Virginia First in Nation to Adopt Workplace Safety Rules for COVID-19 Pandemic

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Felicia Matthews holds a sign during a rally held in Accomac Monday, April 27, 2020, to show support for poultry processing facility workers on the Eastern Shore of Virginia during the COVID-19 pandemic. Photo by Carol Vaughn.

By Carol Vaughn —

Virginia is the first state in the nation to adopt emergency workplace safety rules in response to the COVID-19 pandemic.
Gov. Ralph Northam announced that the Department of Labor and Industry’s Safety and Health Codes Board adopted the emergency standard Wednesday.
The 14-member board met four times to hash out details of the standard before approving it.
The document details protections for Virginia workers — including mandating appropriate personal protective equipment, sanitation, social distancing, infectious disease preparedness and response plans, record keeping, training, and hazard communications in workplaces.
The action came in the absence of federal guidelines, according to a press release from Northam’s office.
“Workers should not have to sacrifice their health and safety to earn a living, especially during an ongoing global pandemic,” Northam said, adding, “In the face of federal inaction, Virginia has stepped up to protect workers from COVID-19, creating the nation’s first enforceable workplace safety requirements. Keeping Virginians safe at work is not only a critical part of stopping the spread of the virus, it’s key to our economic recovery and it’s the right thing to do.”
Northam in May directed the department to create enforceable regulations.
Guidelines given by the federal Centers for Disease Control and Prevention “were mere recommendations, meaning they were not required,” according to a press release from the Legal Aid Justice Center.
“By virtue of these new standards, workers will now benefit from a host of key protections that employers must implement,” the release went on to say.
The center, together with Virginia Organizing and Community Solidarity for Poultry Workers, petitioned the state in March to develop enforceable regulations in view of coronavirus outbreaks at several Virginia poultry and meat processing plants, including at Perdue Farms and Tyson Foods on the Eastern Shore, among other factors.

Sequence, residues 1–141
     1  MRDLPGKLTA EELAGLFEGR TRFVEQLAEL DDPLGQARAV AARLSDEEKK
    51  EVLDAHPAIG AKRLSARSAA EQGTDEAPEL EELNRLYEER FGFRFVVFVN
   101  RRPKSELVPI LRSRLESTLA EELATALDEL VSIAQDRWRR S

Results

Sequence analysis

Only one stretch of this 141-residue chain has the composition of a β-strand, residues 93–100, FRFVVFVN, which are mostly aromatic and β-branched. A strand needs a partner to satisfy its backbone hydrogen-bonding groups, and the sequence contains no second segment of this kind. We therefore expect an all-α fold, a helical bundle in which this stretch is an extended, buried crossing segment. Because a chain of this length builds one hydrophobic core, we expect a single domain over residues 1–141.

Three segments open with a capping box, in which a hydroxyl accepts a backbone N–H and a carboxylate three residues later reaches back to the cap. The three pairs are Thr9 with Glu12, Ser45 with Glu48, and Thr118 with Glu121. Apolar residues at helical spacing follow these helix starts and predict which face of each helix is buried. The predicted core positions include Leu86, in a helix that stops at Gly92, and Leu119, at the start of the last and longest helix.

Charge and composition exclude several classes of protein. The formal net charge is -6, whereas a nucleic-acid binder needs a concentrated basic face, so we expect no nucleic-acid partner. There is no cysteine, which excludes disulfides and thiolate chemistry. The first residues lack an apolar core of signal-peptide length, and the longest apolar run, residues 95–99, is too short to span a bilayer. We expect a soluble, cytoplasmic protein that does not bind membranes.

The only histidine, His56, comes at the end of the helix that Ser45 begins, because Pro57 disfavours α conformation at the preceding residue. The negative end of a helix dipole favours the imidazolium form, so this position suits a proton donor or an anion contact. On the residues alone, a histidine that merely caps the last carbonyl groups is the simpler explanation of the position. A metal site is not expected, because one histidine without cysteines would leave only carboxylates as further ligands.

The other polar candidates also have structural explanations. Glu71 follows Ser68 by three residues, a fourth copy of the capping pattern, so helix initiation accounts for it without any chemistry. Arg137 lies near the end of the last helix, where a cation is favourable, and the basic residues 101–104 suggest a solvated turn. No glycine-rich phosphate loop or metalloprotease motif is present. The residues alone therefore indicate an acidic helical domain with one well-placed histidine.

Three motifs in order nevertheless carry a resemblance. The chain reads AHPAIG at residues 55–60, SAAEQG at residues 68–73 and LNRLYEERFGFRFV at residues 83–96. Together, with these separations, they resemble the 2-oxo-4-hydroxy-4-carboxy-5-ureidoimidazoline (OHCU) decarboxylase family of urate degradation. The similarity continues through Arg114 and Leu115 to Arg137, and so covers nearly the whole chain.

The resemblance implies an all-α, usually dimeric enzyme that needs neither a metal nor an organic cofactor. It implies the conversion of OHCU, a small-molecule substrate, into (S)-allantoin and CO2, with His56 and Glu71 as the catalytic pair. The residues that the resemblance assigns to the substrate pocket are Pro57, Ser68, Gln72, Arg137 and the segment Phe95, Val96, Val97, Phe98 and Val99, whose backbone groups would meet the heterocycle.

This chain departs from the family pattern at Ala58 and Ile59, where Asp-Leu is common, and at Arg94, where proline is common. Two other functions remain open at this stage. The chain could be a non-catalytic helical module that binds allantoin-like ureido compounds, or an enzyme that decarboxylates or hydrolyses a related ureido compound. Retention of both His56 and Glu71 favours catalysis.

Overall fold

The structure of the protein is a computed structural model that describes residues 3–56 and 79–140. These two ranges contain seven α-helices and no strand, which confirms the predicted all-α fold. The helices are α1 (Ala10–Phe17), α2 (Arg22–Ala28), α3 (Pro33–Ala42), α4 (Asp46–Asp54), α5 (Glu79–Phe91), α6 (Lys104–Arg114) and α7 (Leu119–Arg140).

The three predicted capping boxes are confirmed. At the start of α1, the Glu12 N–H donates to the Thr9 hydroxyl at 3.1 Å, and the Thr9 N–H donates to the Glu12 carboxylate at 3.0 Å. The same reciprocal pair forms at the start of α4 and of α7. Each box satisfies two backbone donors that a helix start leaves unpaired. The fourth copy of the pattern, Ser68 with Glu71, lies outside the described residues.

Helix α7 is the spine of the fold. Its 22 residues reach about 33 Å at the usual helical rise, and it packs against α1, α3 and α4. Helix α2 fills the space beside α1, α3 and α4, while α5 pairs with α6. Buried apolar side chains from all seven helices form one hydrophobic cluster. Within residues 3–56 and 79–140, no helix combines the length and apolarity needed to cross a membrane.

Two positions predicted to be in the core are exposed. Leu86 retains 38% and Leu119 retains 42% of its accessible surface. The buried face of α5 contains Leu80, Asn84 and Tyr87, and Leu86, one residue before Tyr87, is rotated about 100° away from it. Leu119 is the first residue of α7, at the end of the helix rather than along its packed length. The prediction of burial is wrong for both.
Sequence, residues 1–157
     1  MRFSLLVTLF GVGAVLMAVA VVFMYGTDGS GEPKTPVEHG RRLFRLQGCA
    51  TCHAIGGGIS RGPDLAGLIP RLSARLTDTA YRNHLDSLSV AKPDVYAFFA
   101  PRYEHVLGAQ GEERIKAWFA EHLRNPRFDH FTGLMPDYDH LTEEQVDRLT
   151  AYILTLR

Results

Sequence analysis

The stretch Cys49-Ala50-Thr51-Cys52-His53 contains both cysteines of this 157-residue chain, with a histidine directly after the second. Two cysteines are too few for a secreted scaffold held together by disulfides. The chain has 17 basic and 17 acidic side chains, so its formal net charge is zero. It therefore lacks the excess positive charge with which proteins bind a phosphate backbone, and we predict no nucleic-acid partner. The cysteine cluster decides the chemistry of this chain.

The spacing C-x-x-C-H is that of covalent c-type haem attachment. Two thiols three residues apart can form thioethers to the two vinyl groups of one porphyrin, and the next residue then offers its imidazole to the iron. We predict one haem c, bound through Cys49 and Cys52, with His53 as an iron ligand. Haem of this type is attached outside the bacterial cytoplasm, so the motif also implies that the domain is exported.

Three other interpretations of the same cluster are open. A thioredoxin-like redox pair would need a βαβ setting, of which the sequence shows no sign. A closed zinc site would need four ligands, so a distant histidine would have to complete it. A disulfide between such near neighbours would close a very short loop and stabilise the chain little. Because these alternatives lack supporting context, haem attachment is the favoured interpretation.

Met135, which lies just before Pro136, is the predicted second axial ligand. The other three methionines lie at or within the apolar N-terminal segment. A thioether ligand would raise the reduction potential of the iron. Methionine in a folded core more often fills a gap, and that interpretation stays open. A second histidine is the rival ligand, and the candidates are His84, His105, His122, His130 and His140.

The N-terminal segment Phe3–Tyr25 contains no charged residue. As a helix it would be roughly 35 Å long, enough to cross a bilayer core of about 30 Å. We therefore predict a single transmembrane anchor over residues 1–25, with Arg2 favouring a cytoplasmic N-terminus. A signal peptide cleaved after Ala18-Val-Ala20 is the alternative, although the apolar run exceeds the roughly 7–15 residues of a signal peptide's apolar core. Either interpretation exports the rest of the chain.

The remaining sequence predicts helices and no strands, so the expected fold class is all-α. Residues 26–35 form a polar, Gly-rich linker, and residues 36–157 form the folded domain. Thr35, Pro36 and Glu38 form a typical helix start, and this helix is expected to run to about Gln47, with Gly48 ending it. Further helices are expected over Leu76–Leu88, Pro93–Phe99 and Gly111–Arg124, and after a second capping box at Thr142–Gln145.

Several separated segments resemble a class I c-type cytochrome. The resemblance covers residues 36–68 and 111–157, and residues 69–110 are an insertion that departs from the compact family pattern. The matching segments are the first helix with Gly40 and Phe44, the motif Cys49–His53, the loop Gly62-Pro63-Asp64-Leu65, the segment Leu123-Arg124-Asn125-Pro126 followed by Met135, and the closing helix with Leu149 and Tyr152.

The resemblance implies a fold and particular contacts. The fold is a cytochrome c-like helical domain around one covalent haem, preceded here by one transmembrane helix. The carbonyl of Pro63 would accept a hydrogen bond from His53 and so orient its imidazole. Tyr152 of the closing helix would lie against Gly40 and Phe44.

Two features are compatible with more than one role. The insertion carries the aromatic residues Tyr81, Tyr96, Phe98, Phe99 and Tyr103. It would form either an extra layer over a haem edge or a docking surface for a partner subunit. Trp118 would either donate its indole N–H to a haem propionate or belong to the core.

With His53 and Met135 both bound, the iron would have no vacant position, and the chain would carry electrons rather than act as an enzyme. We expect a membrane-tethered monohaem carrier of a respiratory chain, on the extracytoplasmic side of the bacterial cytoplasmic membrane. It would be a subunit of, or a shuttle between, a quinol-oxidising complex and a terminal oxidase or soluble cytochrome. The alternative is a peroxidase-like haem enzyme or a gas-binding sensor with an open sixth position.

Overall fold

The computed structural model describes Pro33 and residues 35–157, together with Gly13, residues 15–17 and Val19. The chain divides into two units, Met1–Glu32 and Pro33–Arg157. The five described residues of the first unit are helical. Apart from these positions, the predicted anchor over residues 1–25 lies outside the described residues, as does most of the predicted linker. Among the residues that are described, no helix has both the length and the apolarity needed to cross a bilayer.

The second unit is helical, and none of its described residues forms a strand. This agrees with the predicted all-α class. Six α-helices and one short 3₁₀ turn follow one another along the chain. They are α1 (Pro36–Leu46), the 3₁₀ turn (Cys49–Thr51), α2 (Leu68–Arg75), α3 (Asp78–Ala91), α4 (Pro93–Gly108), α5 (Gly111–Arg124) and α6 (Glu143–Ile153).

“This historic victory will ensure that workers’ health is protected and that businesses are part of the solution to curbing the spread of the virus. We commend Gov. Northam, the Virginia Department of Labor and Industry, and the board for being leaders on the right side of history in passing this emergency standard,” said Jason Yarashes, lead attorney and program coordinator at the Legal Aid Justice Center,
The temporary emergency standards go into effect as soon as they are published in a Richmond newspaper — a legal requirement — which staff said likely will be the week of July 27.
They will remain in effect for six months unless repealed and can be made permanent through a process defined in state law.
A public hearing will be held within the next six months before any permanent standard is adopted.
“The Commonwealth’s new emergency workplace safety standards are a powerful tool in our toolbox for keeping Virginia workers safe and protected throughout this pandemic,” said C. Ray Davenport, commissioner of the Virginia Department of Labor and Industry.
“Many employers have already enacted these evidence-based practices, and we are committed to working collaboratively with those who have not to ensure they are in compliance with the new emergency temporary standard,” he said.
The emergency temporary standards, infectious disease preparedness and response plan templates, and training guidance will be posted on the Virginia Department of Labor and Industry website at doli.virginia.gov.
Workers who feel unsafe in their workplace can file a formal complaint with the federal Occupational Safety and Health Administration at https://www.osha.gov/workers/file_complaint.html
“The emergency standard is a major step forward in protecting workers in Virginia, and the broader coalition of worker advocates looks forward to working with the state to enact permanent standards,” the release from the Legal Aid Justice Center said.

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